Tags: Club for Growth | Export-Import Bank | Congress | funding

Club For Growth to Congress: Kill Funding for Export-Import Bank

By    |   Thursday, 23 Apr 2015 03:51 PM

When he was running for president in 2008, Barack Obama criticized the Export-Import Bank as "little more than a fund for corporate welfare" and suggested it was an example of a federal program that ought to go.

Upon entering the White House, however, Obama reversed himself and morphed into a cheerleader for the bank, say conservatives and libertarians who are working to persuade Congress not to reauthorize the program, which seeks to help U.S. companies sell their products overseas by guaranteeing loans to foreign customers.

The Export-Import Bank's charter expires June 30 unless Congress votes to reauthorize it.

Critics argue that some of the bank's activities actually harm American companies and help U.S. competitors.

As The Wall Street Journal noted last year: "One of the unfavored is Delta Airlines, which must compete with the foreign airlines that Ex-Im assists through its loans to Boeing and General Electric. As Delta put it…'Ex-Im is inflicting real and lasting harm on the U.S. airline industry and American jobs' by helping Delta's foreign competitors buy cheaper airplanes."

One argument frequently heard in support of the Export-Import Bank is that other nations provide similar financing schemes for their own export businesses.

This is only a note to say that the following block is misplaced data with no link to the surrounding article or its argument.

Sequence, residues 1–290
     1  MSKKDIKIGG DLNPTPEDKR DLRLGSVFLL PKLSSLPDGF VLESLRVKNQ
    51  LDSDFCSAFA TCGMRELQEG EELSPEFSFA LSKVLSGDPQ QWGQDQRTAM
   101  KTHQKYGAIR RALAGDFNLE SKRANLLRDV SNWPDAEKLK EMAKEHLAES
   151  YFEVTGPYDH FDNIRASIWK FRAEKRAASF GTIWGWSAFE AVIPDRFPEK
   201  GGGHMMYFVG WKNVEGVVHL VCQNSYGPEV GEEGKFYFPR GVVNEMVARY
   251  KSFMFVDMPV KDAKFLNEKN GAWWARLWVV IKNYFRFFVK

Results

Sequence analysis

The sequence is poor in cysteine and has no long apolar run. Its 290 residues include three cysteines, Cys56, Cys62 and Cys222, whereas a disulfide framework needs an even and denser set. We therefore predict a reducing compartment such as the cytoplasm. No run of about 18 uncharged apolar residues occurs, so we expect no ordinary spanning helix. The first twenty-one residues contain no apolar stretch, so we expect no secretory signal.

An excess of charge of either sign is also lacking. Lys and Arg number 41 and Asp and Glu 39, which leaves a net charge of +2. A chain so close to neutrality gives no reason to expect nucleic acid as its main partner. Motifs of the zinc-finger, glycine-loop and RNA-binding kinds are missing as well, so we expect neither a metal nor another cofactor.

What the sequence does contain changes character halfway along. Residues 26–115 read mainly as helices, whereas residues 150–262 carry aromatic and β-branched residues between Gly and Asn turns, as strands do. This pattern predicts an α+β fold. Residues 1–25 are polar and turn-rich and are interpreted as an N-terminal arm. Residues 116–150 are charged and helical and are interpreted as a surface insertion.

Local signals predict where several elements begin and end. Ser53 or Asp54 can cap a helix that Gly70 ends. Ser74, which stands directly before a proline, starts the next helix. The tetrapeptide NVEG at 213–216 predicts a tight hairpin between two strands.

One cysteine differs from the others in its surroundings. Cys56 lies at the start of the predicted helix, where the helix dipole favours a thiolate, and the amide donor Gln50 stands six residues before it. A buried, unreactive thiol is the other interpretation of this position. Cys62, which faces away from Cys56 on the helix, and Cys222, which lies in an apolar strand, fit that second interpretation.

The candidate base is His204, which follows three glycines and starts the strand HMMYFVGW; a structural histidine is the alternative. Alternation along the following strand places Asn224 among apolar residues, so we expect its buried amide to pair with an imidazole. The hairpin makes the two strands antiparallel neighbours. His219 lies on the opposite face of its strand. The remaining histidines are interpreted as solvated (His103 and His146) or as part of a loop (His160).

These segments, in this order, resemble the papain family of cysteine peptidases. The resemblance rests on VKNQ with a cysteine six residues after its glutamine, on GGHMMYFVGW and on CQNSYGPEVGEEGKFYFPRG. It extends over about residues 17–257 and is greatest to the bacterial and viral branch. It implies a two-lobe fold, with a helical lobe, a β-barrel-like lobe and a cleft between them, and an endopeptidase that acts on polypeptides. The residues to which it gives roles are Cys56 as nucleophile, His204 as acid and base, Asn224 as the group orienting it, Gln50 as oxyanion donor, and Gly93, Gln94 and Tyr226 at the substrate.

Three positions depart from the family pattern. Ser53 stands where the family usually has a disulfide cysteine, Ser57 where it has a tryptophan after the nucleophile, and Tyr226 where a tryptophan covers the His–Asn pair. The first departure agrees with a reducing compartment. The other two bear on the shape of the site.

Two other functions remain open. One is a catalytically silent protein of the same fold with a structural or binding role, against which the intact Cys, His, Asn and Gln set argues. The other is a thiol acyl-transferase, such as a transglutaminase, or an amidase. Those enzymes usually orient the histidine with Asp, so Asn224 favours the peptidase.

Supporters of the bank – ranging from the Obama administration to the National Association of Manufacturers, former New York Mayor Michael Bloomberg and even many Republican members of Congress – argue that the U.S. private sector needs the program to "remain competitive" with other nations which provide even more generous largesse.

Critics like House Financial Services Committee Chairman Jeb Hensarling and House Ways and Means Committee Chairman Paul Ryan regard the bank as an example of "crony capitalism" benefiting large companies that do not need taxpayer subsidies.

The Club for Growth announced Thursday that it will run ads in the congressional districts of four House Republicans urging them to join conservatives in voting to kill funding for the bank.

The ads will air in the congressional districts of Republican Reps. Buddy Carter of Georgia,  Renee Ellmers of North Carolina, Bill Flores of Texas, and Stephen Fincher of Tennessee.

The six-figure ad purchases in all four congressional districts "include broadcast and cable TV in Memphis, Raleigh, Waco and Savannah," the Club announced.

The ads are brief, blunt, and to the point, The Washington Examiner reported.

They highlight the fact that supporters of the bank include Democratic presidential frontrunner Hillary Clinton and that leading Republican contenders like Jeb Bush, Marco Rubio, Scott Walker, Rand Paul, and Ted Cruz are opposed.

"Members of Congress who continue supporting the Export-Import Bank are on notice: conservatives have had enough… enough of the corruption and fraud, enough of the corporate welfare, and enough of loaning billions of our tax dollars to foreign companies," said Club for Growth President David McIntosh.

"Members have to make a choice – will they stand with conservative leaders like Bush, Cruz, Paul, Rubio, and Walker, or will they stand with the failed Democrat leadership of the past, like Hillary Clinton?"

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The Export-Import Bank's charter expires June 30 unless Congress votes to reauthorize it.
Club for Growth, Export-Import Bank, Congress, funding
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2015-51-23
Thursday, 23 Apr 2015 03:51 PM
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